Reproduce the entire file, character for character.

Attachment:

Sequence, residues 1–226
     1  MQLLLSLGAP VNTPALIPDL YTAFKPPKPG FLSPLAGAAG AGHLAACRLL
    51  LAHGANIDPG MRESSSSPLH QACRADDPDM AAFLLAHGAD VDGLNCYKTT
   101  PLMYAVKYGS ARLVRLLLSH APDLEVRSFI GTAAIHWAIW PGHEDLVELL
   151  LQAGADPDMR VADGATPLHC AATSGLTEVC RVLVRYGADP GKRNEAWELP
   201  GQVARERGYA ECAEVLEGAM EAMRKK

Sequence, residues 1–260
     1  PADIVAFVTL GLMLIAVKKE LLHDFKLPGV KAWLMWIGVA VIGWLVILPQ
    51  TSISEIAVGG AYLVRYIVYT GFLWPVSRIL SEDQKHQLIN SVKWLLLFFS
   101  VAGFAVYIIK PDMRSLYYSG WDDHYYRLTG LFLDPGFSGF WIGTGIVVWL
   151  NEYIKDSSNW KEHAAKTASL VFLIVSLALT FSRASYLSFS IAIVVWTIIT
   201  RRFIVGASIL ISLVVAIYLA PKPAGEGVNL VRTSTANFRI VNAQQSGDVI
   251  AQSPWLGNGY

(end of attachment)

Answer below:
Sequence, residues 1–226
     1  MQLLLSLGAP VNTPALIPDL YTAFKPPKPG FLSPLAGAAG AGHLAACRLL
    51  LAHGANIDPG MRESSSSPLH QACRADDPDM AAFLLAHGAD VDGLNCYKTT
   101  PLMYAVKYGS ARLVRLLLSH APDLEVRSFI GTAAIHWAIW PGHEDLVELL
   151  LQAGADPDMR VADGATPLHC AATSGLTEVC RVLVRYGADP GKRNEAWELP
   201  GQVARERGYA ECAEVLEGAM EAMRKK

Sequence, residues 1–260
     1  PADIVAFVTL GLMLIAVKKE LLHDFKLPGV KAWLMWIGVA VIGWLVILPQ
    51  TSISEIAVGG AYLVRYIVYT GFLWPVSRIL SEDQKHQLIN SVKWLLLFFS
   101  VAGFAVYIIK PDMRSLYYSG WDDHYYRLTG LFLDPGFSGF WIGTGIVVWL
   151  NEYIKDSSNW KEHAAKTASL VFLIVSLALT FSRASYLSFS IAIVVWTIIT
   201  RRFIVGASIL ISLVVAIYLA PKPAGEGVNL VRTSTANFRI VNAQQSGDVI
   251  AQSPWLGNGY